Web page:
|Kelley Farmer Dominates During First Day of USHJA International Hunter Derby Championship|
|Written by Caroline Nickolaus|
|Saturday, 20 August 2016 11:45|
Out of 66 entries in the first classic round of the USHJA International Hunter Derby at the Bluegrass Festival Horse Show, Kelley Farmer had four of the rides. Not only did the hunter derby veteran qualify two of her mounts, Baltimore and Kodachrome, for Saturday’s handy round, but she also took first and second place honors for Lane Change Farm.
Baltimore, owned by Jane Gaston, was the first ride of the day for Farmer. She took the 11-year-old Oldenburg around the course, designed by Danny Moore and Bobby Murphy, to earn scores of 92, 95, and 92 for a total of 291 points going into Saturday’s handy round. Farmer also chose to jump all four high-options. Contrary to the USHJA Pre-Green Incentive Championship, where the top 30 qualified horses go into the final round with a clean slate, the classic points will carry over to merge with Saturday’s handy round score.
Although Farmer had three other rides left, she was able to maintain her first place position with Baltimore throughout the entire class. As much as the other riders tried, Farmer’s near-perfect scores could not be beat as the class continued. Since she got the ride on the bay gelding by Balou du Rouet, Kelley has also earned many titles and championships in the Regular Conformation Hunters and High Performance Working Hunters.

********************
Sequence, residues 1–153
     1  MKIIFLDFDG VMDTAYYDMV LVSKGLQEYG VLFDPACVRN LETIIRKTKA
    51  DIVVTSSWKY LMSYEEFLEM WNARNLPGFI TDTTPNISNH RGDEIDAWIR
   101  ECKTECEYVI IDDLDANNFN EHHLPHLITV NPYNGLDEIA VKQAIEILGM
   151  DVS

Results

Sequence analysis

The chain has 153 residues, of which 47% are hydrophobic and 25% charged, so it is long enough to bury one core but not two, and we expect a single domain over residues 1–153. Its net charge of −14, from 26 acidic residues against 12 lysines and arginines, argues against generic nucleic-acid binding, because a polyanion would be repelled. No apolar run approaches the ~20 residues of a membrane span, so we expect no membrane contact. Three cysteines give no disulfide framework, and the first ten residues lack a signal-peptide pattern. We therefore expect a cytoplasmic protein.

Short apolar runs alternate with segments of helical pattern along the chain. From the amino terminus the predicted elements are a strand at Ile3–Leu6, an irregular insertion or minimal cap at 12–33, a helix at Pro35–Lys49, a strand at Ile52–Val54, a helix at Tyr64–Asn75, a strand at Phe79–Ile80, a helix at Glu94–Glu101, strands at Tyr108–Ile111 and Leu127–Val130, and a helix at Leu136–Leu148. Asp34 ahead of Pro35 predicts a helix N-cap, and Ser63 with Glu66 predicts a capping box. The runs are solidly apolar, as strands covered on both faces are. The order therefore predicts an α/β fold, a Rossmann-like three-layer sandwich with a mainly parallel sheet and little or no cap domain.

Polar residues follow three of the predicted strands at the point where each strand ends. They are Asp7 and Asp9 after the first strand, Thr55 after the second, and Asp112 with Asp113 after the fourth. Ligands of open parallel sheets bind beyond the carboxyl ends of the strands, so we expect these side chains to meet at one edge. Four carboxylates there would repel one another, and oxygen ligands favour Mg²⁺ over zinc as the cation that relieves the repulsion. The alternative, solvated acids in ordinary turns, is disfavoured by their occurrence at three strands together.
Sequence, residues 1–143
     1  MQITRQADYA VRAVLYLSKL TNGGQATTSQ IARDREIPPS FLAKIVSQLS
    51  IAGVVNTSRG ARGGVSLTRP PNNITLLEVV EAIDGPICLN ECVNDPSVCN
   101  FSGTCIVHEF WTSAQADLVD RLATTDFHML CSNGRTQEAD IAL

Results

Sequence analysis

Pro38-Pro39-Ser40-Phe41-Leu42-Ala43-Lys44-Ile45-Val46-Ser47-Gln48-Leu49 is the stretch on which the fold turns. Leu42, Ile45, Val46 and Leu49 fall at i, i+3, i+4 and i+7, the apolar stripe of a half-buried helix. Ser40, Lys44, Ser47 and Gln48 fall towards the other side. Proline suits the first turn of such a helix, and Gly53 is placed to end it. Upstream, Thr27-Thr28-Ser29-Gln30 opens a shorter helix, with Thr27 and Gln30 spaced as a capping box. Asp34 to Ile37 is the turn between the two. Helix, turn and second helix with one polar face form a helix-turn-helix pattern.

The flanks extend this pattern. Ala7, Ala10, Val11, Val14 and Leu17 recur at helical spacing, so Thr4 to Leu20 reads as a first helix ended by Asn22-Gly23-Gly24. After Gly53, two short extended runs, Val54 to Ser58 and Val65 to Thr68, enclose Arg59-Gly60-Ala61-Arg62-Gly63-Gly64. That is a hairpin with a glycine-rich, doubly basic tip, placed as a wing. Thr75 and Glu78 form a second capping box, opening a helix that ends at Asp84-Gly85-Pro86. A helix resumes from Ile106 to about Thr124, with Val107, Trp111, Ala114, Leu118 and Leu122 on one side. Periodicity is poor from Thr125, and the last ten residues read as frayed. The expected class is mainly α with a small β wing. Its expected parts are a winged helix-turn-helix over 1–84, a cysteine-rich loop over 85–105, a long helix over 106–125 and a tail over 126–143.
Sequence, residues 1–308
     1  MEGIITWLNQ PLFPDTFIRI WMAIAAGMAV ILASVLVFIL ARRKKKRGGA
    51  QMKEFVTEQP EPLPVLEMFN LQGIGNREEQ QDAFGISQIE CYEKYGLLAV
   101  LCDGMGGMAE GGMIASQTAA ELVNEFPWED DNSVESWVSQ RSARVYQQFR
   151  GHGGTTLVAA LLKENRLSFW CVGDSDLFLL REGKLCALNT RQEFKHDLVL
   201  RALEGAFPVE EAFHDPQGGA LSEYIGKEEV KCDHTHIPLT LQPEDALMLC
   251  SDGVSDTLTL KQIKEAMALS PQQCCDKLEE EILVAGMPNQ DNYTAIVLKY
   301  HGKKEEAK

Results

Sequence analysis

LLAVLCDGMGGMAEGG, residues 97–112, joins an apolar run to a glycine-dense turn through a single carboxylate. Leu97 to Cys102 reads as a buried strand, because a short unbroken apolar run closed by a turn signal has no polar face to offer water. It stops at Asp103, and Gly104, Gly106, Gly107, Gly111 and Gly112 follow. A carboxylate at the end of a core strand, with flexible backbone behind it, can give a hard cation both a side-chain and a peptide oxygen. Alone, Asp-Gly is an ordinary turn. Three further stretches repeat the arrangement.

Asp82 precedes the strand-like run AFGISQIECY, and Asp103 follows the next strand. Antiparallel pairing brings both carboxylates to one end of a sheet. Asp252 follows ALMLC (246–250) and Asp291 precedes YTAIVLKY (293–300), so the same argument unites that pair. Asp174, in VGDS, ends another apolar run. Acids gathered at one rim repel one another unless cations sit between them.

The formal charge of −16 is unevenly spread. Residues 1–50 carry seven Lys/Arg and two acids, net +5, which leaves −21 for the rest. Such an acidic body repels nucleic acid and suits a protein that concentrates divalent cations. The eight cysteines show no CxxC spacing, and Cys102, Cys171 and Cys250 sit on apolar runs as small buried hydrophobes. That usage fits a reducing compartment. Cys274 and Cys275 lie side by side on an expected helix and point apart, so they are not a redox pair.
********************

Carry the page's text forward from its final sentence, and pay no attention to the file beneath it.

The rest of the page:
Kelley did not let the thought of going early on in the class take away from her concentration.
“He was amazing. He was unbelievable. He went first last week in Saugerties and I sort of was glad to get it over with,” Farmer said. “It was a little nerve wracking that I had to do him first, but he was unbelievable. I mean, he tried so hard and he’s so brave. He can jump so much, so I never worry about what they build.”
Larry Glefke of Lane Change Farm added, “I never say this, but it was flawless. Because usually, I have a lot to say when she comes out of the ring. Flawless.”
Friday was bittersweet for Farmer, because her usual winning derby mount, Mindful, is currently out of commission. However, Farmer was happy as he is set to get back to work at the beginning of next week.
“It is what it is, but he’ll be back for Florida,” Farmer said about her longtime partner. “He’s been a great horse for me and I’ll be excited to have him back.”
Coming in second place during Friday’s classic round was Farmer and Kodachrome, owned by Nina Moore. Although Farmer has not had the ride on him for very long, the pair still laid down a beautiful trip to earn the red ribbon and a grand total of 280 points.
Trainer Larry Glefke was also extremely pleased with Kodachrome’s performance today, saying, “He fits in with Mindful and Baltimore. He has that kind of ability to pop at the jumps. He has a freaky jump, and it gets bigger every week because he’s getting stronger. Both of those horses have quality, [Miss] Lucy has the same quality.”